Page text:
Why are cable television networks obsessing over the story of John Mark Karr, an Alabama man arrested in Thailand in the JonBenet Ramsey case? “The funny thing is that you can help your ratings and erode your reputation,” Tom Rosenstiel, director of the Project on Excellence in Journalism in Washington, D.C., told the Christian Science Monitor. “The [broadcast] networks came to understand that, but the cable networks just can’t seem to resist.” In a recent survey on the state of the media, PEJ found that cable “is thinly reported, suffers from a focus on the immediate, especially during the day, is prone to opinion mongering and is easily controlled by sources who want to filibuster.” The findings could put cable at risk of losing viewers to the Internet and other news outlets, PEJ concluded.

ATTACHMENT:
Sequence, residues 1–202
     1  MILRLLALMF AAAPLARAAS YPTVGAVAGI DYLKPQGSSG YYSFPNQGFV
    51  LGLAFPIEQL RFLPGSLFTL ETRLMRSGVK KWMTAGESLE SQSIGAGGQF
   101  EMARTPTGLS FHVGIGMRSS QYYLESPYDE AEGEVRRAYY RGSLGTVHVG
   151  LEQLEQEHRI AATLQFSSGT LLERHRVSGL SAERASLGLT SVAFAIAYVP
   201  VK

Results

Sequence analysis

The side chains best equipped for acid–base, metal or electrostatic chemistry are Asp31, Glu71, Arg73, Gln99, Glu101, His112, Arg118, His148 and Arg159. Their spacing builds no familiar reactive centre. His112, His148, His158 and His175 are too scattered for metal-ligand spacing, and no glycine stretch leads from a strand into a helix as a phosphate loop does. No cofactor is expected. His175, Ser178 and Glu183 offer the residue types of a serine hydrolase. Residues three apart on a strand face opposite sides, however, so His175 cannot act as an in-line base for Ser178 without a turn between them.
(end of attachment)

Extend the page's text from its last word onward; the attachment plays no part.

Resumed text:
Andrew Kohut of the Pew Center for the People and the Press said, “[Ratings] will fall off, but you’ll still have a story that’s big enough to move the needle and attract people who like this kind of stuff. “That’s what keeps cable news in business at times when there’s not real breaking news.” “The problem is that one can never get one’s reputation back,” says Clay Calvert, a professor of communications and law at Penn State University and coauthor of “Press Coverage of The JonBenet Ramsey Murder and Its Legal Implications.” “No amount of coverage could ever make up for the harms that were done to the Ramsey family.”